Cooler nights in city flummox researchers

With rapid urbanisation and population boom, the minimum temperature usually tends to increase.

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According to a study, the night time (minimum) temperature in Mumbai has dropped over the century, as contrary to other metros like Delhi, Kolkata and Chennai.

The study, Long-term temperature trends at the four largest cities in India during the 20th century, was commissioned by the University Grants Commission. But what has flummoxed researchers and climatologists is the fact that with rapid urbanisation and growing population, the minimum temperature tends to increase.

According to Amit Dhorde, a lecturer at the department of geography, University of Pune, and Anargha Dhorde, a lecturer at the Nowrosjee Wadia College in Pune, while other metros indicated a clear rise in the minimum temperature, in Mumbai, it was the reverse.

“The decrease was observed during all seasons, but it was significant during winter and the monsoon,” said Amit Dhorde. The 100-year data for the study were collected from the Indian Meteorological Department (IMD).

Dhorde said although the data has been taken till 2000, the trend would remain the same in the past nine years too.

As per the data, the annual minimum temperature in Mumbai has dropped by 0.4 degree Celsius. During the summer months, the drop is almost by 0.28 degrees Celsius, while in the monsoon months, it is 0.3 degrees Celsius. In the post monsoon months, the drop in the minimum temperature is 0.32 degree Celsius. The maximum drop was noticed during winter (0.55 degree Celsius).

Interestingly, in Delhi, Kolkata and Chennai, the minimum temperature increased by 0.99, 0.72 and 0.54 degree Celsius respectively.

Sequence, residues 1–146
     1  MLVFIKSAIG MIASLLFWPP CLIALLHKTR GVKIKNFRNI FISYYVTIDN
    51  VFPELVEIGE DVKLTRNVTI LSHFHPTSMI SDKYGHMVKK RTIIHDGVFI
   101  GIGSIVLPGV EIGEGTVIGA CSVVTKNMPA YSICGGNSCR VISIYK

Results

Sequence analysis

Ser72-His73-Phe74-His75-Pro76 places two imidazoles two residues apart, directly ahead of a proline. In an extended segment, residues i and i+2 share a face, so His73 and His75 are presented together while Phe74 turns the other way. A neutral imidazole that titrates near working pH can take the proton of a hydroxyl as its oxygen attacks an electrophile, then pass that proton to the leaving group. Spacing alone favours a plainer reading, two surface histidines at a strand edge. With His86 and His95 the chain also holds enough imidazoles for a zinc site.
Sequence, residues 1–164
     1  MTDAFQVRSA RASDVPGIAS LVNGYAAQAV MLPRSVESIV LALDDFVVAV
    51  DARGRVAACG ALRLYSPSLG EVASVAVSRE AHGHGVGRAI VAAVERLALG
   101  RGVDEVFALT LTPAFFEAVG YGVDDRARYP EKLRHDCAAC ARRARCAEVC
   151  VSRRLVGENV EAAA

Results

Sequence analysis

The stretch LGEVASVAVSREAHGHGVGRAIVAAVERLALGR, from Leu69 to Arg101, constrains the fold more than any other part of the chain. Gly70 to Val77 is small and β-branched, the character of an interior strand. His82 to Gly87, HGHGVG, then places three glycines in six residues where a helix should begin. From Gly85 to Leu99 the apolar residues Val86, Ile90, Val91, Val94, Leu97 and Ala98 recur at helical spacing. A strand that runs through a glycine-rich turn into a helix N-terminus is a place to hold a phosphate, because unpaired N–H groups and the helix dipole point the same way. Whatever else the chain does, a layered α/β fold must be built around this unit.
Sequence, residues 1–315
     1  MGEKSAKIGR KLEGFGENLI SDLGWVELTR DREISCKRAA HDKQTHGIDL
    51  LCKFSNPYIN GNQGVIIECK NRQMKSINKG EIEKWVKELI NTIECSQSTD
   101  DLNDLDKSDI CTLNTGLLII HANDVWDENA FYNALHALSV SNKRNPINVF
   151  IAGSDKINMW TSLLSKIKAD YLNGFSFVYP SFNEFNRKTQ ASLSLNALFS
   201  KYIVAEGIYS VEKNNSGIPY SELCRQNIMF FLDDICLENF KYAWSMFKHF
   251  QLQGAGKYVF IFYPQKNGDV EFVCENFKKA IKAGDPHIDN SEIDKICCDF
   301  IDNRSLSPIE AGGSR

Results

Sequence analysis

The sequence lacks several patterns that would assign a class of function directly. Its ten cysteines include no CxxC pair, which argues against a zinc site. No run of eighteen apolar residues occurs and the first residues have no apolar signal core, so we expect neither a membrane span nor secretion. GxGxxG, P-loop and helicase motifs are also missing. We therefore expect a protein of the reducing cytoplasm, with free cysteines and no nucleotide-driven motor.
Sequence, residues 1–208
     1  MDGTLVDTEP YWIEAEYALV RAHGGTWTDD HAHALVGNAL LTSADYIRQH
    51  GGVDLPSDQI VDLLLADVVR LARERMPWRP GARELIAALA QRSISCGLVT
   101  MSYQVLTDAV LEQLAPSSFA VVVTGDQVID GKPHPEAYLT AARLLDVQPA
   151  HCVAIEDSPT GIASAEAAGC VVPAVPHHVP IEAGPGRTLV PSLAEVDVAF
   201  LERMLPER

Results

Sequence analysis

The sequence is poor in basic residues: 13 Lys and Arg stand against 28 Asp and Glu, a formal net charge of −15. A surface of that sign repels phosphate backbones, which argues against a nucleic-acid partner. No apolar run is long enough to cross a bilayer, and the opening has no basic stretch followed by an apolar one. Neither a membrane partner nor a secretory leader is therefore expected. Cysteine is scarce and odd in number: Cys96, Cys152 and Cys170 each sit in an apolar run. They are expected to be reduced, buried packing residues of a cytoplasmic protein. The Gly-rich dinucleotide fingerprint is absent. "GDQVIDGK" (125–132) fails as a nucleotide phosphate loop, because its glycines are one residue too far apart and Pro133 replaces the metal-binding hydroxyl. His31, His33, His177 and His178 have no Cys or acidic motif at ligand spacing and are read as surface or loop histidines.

The study was published in the International Journal of Climate Change, The Journal Of Indian Geophysical Research Union, and presented at the International Scientific Congress on Climate Change held at Copenhagen in March this year.

“Given the rapid pace of urbanisation, the night time (minimum) temperature in Mumbai should have increased. However, it is a paradox for which one needs to do a detailed analysis of the cloud and frequency of winds coming from a particular direction. We also need to study the sea surface temperature as Mumbai is located on the coastal belt,” said Dhorde.

He said the next phase of the study would involve an attempt to understand this variation.
Director of the Indian Institute of Tropical Meteorology (IITM) BN Goswami said there is a need to do a detailed analysis of the local factors such as cloud cover affecting radiation, and soil moisture. “Factors such as increase in the sea surface temperature also to needs to be examined,” he said.

Deputy director general (weather forecasting) of India Meteorological Department (IMD) AB Majumdar said “One needs to do a detailed analysis of the factors like cloud cover, land and sea breeze.”
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